An In Depth Look at the Slow Food Movement in the Culinary Arts

by Joe Taylor
CulinaryEd Columnist
May 19, 2011

An on-the-run meal purchased through your car window encapsulates everything the growing Slow Food movement is against. Founded in 1986 by Italian Carlo Petrini, the Slow Food movement urges people to slow down, enjoy their food and spend time learning about local produce and growing techniques. Slow Food proponents believe that you don't need a culinary degree to experience the joy of savoring flavors, sharing a love of food with friends, and connecting with traditions often found only at cooking schools.

The Slow Food movement now boasts about 83,000 members worldwide, ranging from cooking school graduates with budding culinary careers to average citizens. More than 800 of these subgroups are active in fifty countries. Groups organize food tastings, potluck meals and visits to local farms. Some groups also help with local implementation of international Slow Food campaigns through culinary schools and organic food markets.

Increased Culinary Education and Other Slow Food Goals

Local Slow Food groups work to educate local diners and culinary professionals about local farmers and food producers. Some Slow Food members say some people who rush to superstores for cheap produce don't realize that a local farmer is often growing superior fruits and vegetables. Slow Food groups have connected many restaurants and culinary institutions with local food producers.

Other Slow Food objectives include:

  • Teaching consumers about the hidden risks of fast food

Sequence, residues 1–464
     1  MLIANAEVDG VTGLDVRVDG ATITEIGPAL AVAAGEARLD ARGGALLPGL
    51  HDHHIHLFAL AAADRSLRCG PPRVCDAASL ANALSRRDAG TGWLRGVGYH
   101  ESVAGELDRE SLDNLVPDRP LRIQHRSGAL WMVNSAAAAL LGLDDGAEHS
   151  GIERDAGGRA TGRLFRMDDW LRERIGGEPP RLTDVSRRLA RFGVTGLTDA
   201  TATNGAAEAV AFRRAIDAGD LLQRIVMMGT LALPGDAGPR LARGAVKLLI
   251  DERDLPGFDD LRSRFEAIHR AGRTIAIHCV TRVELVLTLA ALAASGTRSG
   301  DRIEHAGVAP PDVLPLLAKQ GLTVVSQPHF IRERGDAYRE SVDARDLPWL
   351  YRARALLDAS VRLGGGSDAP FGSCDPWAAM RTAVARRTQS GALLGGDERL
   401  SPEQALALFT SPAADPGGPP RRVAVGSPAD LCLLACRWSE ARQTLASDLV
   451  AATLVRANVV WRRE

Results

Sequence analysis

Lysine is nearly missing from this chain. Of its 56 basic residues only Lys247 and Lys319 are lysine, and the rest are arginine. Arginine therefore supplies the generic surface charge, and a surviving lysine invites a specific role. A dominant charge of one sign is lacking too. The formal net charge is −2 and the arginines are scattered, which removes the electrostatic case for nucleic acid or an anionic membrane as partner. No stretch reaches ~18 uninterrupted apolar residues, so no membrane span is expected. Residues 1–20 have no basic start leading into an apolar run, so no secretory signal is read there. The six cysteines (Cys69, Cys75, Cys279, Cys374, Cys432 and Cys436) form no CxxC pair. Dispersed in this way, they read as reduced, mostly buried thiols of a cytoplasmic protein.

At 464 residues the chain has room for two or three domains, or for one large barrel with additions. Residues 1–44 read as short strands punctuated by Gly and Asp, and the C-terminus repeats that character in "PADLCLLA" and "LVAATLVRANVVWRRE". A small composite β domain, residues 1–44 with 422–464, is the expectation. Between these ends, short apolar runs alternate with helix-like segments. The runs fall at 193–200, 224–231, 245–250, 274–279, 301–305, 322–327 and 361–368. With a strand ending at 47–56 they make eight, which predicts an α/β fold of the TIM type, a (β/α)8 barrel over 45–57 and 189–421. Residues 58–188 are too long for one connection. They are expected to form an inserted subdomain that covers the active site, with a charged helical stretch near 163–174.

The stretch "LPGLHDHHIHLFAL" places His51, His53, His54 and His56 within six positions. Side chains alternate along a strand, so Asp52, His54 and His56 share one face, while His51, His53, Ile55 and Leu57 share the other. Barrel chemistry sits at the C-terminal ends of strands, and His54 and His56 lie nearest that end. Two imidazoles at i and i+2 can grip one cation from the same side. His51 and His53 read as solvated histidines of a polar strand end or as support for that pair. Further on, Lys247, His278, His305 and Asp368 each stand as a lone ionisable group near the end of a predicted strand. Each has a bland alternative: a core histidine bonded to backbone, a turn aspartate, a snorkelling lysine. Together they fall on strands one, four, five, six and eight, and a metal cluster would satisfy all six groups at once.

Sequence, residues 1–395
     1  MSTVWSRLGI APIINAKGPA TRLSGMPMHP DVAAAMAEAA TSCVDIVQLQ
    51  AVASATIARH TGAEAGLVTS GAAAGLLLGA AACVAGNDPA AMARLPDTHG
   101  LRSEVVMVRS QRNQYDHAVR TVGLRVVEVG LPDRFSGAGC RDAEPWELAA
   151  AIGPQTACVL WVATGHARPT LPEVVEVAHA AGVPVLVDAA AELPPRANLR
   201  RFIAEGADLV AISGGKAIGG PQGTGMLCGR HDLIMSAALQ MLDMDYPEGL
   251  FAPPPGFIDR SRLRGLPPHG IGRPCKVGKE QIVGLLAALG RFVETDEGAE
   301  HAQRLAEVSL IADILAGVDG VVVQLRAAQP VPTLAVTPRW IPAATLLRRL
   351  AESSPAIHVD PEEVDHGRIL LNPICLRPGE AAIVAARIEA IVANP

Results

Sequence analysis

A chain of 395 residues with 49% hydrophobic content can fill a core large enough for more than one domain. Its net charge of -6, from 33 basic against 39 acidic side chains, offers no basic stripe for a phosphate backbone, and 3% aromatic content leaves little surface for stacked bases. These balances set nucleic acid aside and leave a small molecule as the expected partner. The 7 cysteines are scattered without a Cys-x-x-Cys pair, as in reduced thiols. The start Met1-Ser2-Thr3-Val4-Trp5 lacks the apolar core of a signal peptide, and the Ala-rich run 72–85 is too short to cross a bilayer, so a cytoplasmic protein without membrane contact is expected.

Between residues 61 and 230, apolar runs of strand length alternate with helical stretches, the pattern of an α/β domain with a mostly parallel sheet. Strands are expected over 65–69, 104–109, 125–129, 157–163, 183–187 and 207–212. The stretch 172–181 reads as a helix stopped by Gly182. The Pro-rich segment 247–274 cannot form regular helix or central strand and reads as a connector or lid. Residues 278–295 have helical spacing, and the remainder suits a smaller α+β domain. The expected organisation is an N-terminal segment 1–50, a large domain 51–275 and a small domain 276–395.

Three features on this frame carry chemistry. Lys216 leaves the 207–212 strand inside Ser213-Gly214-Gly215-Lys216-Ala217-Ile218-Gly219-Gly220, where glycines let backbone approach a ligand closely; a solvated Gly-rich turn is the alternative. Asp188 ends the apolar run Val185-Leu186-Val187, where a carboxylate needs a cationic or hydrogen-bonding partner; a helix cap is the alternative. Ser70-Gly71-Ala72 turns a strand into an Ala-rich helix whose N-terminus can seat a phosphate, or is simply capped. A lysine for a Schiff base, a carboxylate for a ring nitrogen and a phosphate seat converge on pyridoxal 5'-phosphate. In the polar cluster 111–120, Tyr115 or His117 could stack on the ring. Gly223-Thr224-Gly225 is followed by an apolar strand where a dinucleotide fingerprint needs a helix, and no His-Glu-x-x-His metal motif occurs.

• Teaching gardening, especially to cooking school students
  • Providing culinary education in local food traditions
  • Cultivating culinary careers in traditional restaurants
  • Offering in-depth culinary education


Slow Food Pioneers Taste Tourism

Slow Food groups organize trips to local farmers markets, visits to regional culinary schools, and city-wide taste festivals. Slow Food also hosts the cheese and wine festival Salone del Gusto. Salone del Gusto and other culinary festivals like it can introduce visitors to tastes, recipes and ingredients they may not have experienced before. Visitors may even be able to chat and network with the people cooking or creating these flavors at these events. It's not unheard of for cooking schools to send their students to food festivals in order to expand their potential culinary careers.


About the Author

Author and business coach, Joe Taylor Jr. helps professionals change careers. He holds a Bachelor of Science in Communications from Ithaca College.
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